What is Depop, and why should you care?
Helen Parker is the Managing Director of The Supplier Central marketplace and community. She has over 20 years experience in retail and supply chain management, with a particular interest in B2B re-selling.
Today Helen takes a look at Depop and why you should care about this marketplace:
What is Depop, and why should you care?
Imagine you’re at the wedding of a family friend, and their slightly glamorous cousin in trendy sunglasses tells you about how they are working as an “influencer” – that’s Etsy. Now imagine they introduce their other teenage cousin who is a “genius on socials” and casually refers to the 90s and noughties as vintage – that’s Depop.
Depop describes itself as a “social shopping app” but is essentially an ecommerce marketplace in a very cool wolf’s clothing. It was recently acquired by Etsy for $1.6bn and is a London based business that now has 30 million customers in 150 countries since launching in 2011. More than 90% of Depop’s 30 million users are under 26 (Etsy average age is 39) and it is the 10th most visited site in the US.
It has the in-built dopamine hit that social media natives have grown up with, and doubled its revenue to $70million in 2020. Many eBay and Amazon marketplace sellers have avoided Depop, which isn’t a bad strategy since the criteria are extremely high to become a top rated seller, on top of which, the aesthetics that do well are those of creative, young, impactful fashion – which stands out because it can’t be faked or mass produced.
Depop sellers seem to not fall in to other marketplaces, and the same vice versa, so why should we care? Well I worked for a group of European Yellow Pages franchises in the noughties for the central “internet team” trying to move them online, and distinctly remember being in a an Eastern European city where a CMO screamed at us and stormed out during a very tense dinner telling me that “I don’t care what you think, Google will never work here” (spoiler – it did). I don’t think Depop is going to the Google of retail, but the tremors of the young will become the trends of the future.
So, beyond the obvious observation that a business built on social media will thrive on social media… what should the average marketplace seller take notice of the Depop story?
It only takes a few minutes on Depop to see vintage and recycling is viewed as better than fast fashion. This trend is one that will have to be integrated into other marketplaces, perhaps searches start to explicitly prefer sustainable products and materials – now is the time to ask the questions of suppliers so you can put it in your product info.
Depop reportedly spends little money on advertising, preferring to spread through word of mouth by curating interesting products. Brands that want to be cool are opening shops on Depop. The platform can service any taste or niche, where even the classic fashion categories/descriptions on Amazon or eBay are rigid by nature, Depop specifically serves gender fluidity and diversity that would be implicitly delineated on other platforms. Considering your product range and categories could increase potential customers. Buying with a broader spectrum in mind could put you ahead of the curve.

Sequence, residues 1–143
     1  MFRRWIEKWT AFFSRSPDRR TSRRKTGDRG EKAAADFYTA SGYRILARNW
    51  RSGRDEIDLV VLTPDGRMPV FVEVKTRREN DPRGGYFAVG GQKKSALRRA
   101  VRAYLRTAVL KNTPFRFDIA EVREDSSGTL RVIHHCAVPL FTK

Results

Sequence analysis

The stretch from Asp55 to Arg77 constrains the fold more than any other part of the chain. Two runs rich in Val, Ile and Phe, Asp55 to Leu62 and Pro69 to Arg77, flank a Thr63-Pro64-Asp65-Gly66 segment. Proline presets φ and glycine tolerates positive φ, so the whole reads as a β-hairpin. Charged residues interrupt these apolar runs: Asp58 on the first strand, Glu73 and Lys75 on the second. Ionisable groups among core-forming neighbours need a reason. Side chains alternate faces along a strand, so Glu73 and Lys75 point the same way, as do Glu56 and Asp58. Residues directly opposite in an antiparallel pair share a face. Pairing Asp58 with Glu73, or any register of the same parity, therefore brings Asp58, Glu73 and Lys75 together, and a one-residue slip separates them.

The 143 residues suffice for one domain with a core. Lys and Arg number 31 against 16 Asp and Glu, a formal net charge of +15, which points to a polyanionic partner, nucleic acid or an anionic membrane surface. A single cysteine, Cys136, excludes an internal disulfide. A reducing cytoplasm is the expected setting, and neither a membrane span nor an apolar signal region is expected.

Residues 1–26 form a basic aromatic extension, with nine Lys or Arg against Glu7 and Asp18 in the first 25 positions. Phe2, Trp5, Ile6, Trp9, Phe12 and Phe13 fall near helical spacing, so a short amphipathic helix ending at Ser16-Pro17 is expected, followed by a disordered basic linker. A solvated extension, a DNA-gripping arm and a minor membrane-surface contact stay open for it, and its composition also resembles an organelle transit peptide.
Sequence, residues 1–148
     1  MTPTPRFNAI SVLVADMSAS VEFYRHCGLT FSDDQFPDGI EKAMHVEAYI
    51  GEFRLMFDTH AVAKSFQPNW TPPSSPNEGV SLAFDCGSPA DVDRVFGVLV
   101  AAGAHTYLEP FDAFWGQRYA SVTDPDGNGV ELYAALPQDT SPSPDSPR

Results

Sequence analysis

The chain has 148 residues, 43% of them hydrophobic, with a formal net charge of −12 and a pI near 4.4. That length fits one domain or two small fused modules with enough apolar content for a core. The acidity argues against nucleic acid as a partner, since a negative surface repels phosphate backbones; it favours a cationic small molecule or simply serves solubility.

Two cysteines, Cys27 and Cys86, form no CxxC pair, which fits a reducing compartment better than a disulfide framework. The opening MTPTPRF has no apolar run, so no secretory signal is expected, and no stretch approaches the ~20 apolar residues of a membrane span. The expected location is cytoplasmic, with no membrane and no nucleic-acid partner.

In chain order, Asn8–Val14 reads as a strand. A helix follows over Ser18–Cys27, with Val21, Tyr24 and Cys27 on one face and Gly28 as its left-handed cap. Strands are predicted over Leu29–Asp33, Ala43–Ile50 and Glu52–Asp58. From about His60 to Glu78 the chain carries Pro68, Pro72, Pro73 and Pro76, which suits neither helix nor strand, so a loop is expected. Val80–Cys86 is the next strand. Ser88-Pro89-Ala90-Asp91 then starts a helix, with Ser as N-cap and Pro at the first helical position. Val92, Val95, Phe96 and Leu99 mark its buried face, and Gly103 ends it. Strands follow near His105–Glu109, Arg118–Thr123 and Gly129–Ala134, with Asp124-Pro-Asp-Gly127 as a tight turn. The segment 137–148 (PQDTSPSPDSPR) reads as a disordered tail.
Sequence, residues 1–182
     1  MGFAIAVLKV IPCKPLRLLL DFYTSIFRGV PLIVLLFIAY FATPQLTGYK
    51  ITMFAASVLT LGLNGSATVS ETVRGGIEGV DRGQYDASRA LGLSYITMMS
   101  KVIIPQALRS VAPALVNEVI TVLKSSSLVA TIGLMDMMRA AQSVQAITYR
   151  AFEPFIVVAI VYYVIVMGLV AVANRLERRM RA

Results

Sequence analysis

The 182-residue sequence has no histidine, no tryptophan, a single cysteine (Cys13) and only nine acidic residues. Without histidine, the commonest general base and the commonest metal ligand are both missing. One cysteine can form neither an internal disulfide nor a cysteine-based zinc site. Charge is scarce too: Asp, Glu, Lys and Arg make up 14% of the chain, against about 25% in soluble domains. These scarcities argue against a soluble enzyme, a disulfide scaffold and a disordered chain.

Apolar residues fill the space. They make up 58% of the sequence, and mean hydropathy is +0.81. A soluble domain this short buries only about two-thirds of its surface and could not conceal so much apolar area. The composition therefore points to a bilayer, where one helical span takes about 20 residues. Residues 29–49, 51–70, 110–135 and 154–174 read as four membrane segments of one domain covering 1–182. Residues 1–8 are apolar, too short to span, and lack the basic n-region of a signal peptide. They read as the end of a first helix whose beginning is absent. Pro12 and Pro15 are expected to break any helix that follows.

- Bricks & Mortar will survive
Interestingly one of the keys to Depop’s strategy seems to be IRL events and attaching themselves to branded stores (of course the coolest ones!). It is an interesting phenomenon of the pandemic that whilst it was assumed older people would want to impose the office rules they have had their whole lives on the younger staff, when surveyed, younger workers predominantly wanted a hybrid approach, whilst the older generations want to “work from home every day” in larger numbers, even more surprisingly the under 25s also wanted to “work in the office every day” at a much higher rate than their older colleagues (Bloomberg). Younger people respond to social interaction, so putting that personalised note in every box, or giving a warm email response can only help your sales.
- Price still matters
Depop is seen as pricey. I asked a friend’s fashion-studying 17 year old son recently if he bought on Depop – his answer was “no, but it’s like a magazine, we look there then go to a vintage shop or charity, or eBay and see if we can get the same”. It will be hard for Depop to continue to walk the line between the cool inclusive charity shop and charging 10% commission, especially with expectant new owners, so there will be a gap in the market for a hybrid model for savvy marketplace sellers.
It probably doesn’t matter for any ecommerce business for a 2-3 year plan, but if you want to be making money and growing 5-10 years down the line, then Depop should be seen as a cultural signpost, their users will be the 30-45 year olds looking to spend money online who will have a disposable income and are used to have their niche personalised requirements served. The future trends are hard to predict, but the maxim of retail that the “customer is always right” will continue to be true, so we should look now to see what we think they will be right about.